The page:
After a nearly five-month-long strike, the Writers Guild of America (WGA) has reached a tentative agreement with the Alliance of Motion Picture and Television Producers, prompting the WGA to recommend its members to end the strike. The agreement, set to last from September 25th, 2023 through May 1st, 2026, includes regulations on the use of generative AI tools and specific rules regarding streaming data and calculating bonuses based on viewership. Notably, AI-generated material will not be considered source material under the agreement, and companies cannot require writers to use AI software. Despite this development, productions may not fully return to normal as the Screen Actors Guild – American Federation of Television and Radio Artists (SAG-AFTRA) is still on strike until both writers and actors resume working.
The agreement between the WGA and the Alliance of Motion Picture and Television Producers marks the end of a long and contentious strike that lasted close to five months. The WGA’s Negotiating Committee, WGAW Board, and WGAE Council voted unanimously to recommend the three-year agreement, and a ratification vote is scheduled for early October. The deal includes a viewership-based bonus structure for streaming content, as well as provisions for studios to share streaming data with the Guild. Additionally, the agreement sets boundaries for the use of generative AI tools, stating that AI-generated material will not be considered source material under the agreement, and writers cannot be compelled to use AI software. However, the situation remains uncertain as the ongoing strike by SAG-AFTRA, representing actors in the entertainment industry, means that productions may not fully return to normal until both writers and actors have resumed work.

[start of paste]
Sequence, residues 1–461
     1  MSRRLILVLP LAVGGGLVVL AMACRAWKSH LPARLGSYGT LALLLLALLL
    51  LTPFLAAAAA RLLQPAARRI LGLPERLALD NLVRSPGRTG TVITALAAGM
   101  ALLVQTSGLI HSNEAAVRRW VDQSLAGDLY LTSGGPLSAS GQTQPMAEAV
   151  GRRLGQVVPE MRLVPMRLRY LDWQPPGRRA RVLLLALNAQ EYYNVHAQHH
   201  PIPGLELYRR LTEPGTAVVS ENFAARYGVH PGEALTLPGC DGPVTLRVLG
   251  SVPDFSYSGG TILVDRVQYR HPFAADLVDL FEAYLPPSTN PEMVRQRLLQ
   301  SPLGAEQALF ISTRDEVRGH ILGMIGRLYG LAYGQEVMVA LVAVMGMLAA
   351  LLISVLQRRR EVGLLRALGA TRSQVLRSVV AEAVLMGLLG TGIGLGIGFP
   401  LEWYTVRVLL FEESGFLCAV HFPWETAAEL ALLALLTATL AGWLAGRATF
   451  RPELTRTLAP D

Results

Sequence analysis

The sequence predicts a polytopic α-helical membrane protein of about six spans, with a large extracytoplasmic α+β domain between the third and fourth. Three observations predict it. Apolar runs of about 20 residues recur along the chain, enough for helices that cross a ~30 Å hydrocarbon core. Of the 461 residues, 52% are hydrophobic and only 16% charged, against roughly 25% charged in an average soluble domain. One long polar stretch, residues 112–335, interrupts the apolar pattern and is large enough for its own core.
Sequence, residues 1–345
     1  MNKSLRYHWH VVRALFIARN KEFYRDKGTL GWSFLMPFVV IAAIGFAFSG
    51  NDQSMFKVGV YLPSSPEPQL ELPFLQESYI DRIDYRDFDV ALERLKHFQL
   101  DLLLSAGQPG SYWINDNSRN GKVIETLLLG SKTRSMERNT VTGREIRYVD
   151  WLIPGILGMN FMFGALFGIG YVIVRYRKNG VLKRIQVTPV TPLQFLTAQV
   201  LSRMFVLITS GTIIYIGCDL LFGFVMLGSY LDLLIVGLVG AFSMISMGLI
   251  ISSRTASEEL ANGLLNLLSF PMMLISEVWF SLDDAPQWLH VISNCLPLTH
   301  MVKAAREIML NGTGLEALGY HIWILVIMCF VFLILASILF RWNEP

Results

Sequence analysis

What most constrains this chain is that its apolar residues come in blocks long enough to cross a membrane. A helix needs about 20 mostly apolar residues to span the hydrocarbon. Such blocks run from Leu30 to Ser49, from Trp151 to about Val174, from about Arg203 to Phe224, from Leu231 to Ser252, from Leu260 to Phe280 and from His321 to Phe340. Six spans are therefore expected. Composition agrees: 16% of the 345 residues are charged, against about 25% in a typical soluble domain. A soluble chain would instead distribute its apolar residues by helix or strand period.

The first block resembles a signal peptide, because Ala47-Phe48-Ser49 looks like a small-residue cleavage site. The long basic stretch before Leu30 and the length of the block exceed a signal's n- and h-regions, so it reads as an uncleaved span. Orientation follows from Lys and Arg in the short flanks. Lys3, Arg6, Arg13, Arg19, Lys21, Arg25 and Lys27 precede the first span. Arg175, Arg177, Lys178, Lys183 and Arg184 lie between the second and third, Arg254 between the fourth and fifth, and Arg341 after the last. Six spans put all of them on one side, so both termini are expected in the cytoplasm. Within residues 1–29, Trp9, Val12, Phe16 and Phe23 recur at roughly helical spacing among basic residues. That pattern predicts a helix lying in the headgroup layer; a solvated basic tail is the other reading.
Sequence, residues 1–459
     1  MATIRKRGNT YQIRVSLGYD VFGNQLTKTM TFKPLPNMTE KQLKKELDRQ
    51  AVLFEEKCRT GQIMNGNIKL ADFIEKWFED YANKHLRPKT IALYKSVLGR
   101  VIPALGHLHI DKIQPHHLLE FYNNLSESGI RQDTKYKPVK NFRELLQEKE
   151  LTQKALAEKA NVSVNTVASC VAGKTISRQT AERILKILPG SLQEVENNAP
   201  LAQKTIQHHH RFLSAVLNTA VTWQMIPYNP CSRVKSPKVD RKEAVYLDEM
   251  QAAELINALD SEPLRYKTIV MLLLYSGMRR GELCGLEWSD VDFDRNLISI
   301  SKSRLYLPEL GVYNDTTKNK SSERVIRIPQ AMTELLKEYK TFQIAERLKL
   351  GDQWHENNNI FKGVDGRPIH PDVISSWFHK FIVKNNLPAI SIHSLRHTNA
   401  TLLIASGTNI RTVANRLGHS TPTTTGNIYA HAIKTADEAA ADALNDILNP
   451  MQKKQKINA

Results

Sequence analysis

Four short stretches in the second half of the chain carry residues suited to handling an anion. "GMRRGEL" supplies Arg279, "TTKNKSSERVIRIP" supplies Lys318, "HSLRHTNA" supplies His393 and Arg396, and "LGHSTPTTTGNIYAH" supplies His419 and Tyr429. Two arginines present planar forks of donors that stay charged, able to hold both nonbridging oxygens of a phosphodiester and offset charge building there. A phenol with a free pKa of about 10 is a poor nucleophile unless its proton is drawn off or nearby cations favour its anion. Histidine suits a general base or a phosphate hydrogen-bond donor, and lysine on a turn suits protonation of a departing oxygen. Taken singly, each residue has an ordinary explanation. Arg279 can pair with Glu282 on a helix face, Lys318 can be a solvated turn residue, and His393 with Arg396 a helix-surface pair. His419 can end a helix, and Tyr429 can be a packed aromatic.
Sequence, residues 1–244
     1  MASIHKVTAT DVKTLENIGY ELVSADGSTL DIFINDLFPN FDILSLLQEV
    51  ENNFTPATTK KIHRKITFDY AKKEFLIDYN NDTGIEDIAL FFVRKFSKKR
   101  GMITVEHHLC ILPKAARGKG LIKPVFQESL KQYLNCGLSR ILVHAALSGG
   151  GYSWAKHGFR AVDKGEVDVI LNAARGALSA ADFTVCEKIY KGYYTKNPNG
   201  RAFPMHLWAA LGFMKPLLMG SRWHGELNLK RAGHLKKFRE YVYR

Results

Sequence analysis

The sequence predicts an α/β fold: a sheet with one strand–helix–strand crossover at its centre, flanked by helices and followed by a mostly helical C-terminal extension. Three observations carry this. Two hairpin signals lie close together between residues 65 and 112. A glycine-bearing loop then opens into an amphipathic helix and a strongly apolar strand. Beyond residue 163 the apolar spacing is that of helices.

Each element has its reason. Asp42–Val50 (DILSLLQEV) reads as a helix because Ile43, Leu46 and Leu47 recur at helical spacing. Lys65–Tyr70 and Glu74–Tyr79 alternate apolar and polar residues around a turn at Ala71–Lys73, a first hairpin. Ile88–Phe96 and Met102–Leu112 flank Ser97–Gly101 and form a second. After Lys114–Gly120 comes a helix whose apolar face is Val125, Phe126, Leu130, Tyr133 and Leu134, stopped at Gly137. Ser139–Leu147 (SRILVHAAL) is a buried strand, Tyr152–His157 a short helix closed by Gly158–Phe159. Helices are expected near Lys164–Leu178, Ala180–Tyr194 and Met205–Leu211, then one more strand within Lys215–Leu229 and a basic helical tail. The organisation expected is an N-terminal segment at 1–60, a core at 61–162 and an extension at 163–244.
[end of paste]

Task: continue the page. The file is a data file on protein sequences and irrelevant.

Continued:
While the resolution of the writers’ strike is a significant step forward for the entertainment industry, the situation is far from settled. The Screen Actors Guild – American Federation of Television and Radio Artists (SAG-AFTRA), representing over 160,000 performers, is still on strike. This means that despite the writers’ return to work, the entertainment industry may not see a complete return to normalcy until both writers and actors are back on set. The strike by SAG-AFTRA has impacted various productions, and the final resolution of the labor dispute will be crucial for the industry’s recovery. The agreement reached by the Writers Guild of America provides insights into the future of AI-generated content and streaming data, but additional negotiations and agreements will be necessary to ensure a comprehensive and stable industry-wide settlement.